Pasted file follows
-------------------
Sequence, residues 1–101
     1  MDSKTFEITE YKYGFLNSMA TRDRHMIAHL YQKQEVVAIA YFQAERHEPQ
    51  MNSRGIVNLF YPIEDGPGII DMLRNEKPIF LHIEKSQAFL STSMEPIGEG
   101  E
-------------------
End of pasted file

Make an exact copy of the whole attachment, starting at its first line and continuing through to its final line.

Sequence, residues 1–101
     1  MDSKTFEITE YKYGFLNSMA TRDRHMIAHL YQKQEVVAIA YFQAERHEPQ
    51  MNSRGIVNLF YPIEDGPGII DMLRNEKPIF LHIEKSQAFL STSMEPIGEG
   101  E